class="csc-frame csc-frame-default"Do definite bodies of knowledge turn out to be temporary?

Zentrum Geschichte des Wissens

Universität Zürich

Eidgenössische Technische Hochschule Zürich

Zentrum Geschichte des Wissens

Universität Zürich

Eidgenössische Technische Hochschule Zürich

STEPHAN GRAF

The Photographic Process as Object of Research: Technoscience between Photographic Industry and University, 1928–1979


The turn towards technical images in the humanities since the 1990s has been accompanied by numerous historical analyses of scientific applications of photography. Yet, studies concerning the history of scientific research on photography itself are rare. Particularly regarding the 20th century, it has largely been left unexplored how a growing scientific community gathered around the experimental and theoretical investigation of the 'photographic process' in industrial and university labs. For my dissertation project, I examine the forms of knowledge produced by this research community in relation to the growing industrialization and popularization of photographic materials during the 20th century and I also show how this knowledge circulated between industry and academia. Using Jon Agar's concept of 'working worlds', I therefore explore how the photographic industry – as an important 20th century 'working world' – structured scientific practices.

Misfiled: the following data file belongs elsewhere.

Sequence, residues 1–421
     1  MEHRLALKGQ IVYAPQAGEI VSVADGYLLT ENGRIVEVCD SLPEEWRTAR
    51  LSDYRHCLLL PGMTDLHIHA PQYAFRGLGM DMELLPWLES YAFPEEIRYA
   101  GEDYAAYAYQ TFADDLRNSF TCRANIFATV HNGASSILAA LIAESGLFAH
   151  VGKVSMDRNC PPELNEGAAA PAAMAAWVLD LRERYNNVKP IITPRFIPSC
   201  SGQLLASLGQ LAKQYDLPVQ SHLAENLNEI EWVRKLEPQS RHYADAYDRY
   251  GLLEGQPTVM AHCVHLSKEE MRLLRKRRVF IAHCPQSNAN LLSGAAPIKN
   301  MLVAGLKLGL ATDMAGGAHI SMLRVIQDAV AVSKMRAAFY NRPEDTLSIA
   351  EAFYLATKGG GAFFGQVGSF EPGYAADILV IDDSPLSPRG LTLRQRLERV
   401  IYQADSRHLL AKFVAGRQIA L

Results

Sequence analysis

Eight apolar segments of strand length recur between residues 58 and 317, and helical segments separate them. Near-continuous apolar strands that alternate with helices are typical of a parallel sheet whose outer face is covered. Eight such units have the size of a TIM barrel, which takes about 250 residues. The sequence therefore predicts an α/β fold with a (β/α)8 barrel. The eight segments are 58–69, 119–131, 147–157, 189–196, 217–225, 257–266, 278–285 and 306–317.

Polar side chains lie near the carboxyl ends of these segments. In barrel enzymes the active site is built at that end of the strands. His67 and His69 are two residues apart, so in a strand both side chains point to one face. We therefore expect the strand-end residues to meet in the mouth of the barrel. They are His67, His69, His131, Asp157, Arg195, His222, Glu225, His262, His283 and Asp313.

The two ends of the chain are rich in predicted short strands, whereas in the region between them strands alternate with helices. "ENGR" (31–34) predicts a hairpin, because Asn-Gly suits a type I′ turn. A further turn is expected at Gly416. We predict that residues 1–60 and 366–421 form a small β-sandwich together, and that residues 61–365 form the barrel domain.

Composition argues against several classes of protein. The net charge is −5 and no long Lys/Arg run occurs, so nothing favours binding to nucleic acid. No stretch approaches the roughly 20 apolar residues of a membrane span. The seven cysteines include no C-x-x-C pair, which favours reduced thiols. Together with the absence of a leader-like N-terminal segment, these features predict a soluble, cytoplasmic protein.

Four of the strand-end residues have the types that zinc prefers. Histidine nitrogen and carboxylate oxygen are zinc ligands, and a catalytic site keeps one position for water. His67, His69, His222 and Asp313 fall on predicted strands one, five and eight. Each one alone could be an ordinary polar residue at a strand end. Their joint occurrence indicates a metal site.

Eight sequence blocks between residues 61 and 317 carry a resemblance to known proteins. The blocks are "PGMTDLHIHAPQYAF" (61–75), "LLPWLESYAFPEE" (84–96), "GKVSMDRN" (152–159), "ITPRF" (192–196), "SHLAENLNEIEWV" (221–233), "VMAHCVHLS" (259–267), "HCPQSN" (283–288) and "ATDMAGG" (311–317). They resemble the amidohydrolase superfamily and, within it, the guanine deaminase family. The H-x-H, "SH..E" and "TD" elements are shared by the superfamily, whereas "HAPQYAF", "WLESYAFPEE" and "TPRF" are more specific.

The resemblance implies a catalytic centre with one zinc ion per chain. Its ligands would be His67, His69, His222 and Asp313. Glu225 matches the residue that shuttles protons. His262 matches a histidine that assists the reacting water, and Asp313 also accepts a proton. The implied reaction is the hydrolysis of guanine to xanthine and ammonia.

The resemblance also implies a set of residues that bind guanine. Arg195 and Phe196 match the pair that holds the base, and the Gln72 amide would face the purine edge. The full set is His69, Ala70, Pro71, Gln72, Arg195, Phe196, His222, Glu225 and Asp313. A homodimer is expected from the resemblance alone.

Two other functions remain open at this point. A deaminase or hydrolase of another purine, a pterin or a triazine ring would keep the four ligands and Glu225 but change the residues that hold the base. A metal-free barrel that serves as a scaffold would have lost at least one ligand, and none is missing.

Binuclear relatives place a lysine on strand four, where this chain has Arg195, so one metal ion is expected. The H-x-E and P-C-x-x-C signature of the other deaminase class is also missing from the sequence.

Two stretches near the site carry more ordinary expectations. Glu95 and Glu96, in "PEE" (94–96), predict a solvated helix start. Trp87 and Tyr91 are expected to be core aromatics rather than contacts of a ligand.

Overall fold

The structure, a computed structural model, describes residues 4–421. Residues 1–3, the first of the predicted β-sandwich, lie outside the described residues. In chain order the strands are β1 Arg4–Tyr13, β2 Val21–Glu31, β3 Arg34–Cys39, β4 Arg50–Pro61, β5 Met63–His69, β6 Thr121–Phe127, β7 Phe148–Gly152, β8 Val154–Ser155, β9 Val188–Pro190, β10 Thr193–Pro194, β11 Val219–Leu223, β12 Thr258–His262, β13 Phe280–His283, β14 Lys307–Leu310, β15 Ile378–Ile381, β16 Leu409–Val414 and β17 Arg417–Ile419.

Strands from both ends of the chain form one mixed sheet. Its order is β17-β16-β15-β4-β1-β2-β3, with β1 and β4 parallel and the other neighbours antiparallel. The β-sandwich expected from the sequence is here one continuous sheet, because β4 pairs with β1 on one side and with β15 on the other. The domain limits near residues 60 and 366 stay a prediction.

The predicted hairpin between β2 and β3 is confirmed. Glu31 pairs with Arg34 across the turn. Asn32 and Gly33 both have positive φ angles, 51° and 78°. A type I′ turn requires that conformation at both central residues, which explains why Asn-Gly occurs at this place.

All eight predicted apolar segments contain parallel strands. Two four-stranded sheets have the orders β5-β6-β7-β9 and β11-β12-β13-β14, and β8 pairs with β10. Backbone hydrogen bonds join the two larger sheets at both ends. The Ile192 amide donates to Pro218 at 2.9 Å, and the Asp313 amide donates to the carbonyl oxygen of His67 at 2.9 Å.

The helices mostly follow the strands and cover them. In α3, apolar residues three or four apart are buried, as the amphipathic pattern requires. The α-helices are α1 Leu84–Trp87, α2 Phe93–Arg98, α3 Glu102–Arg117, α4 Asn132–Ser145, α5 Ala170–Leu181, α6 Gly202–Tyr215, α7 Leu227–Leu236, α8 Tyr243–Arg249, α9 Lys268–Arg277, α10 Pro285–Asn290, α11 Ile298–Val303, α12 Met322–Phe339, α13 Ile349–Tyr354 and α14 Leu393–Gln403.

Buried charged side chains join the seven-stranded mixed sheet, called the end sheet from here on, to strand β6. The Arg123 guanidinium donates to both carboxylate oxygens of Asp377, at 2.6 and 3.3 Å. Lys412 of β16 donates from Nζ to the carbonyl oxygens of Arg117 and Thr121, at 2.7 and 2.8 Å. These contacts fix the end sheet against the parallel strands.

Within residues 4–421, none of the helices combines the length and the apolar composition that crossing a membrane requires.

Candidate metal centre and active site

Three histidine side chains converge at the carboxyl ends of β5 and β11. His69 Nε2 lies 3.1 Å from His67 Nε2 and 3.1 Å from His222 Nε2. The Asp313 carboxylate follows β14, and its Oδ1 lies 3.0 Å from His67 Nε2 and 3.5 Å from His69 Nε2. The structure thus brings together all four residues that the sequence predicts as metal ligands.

To this end, I will focus on three historical sites of photographic research in Europe: the research labs of the German photographic company Agfa in Wolfen, the British Kodak subsidiary in Harrow and the Photographic Institute of ETH Zurich. Thus, I concentrate on two industrial research environments of the world's largest manufacturers of photographic recording materials at that time as well as on a photographic teaching and research institute of a state-​run technical university (or Technische Hochschule). Since after the Second World War the direction of the Photographic Institute in Zurich was taken over first by the head of research at Agfa and subsequently by an industrial researcher of British Kodak, these three research facilities allow for an exemplary investigation of how a hitherto little-​noticed 20th century technoscience developed and changed through transnational exchange between industry and academia.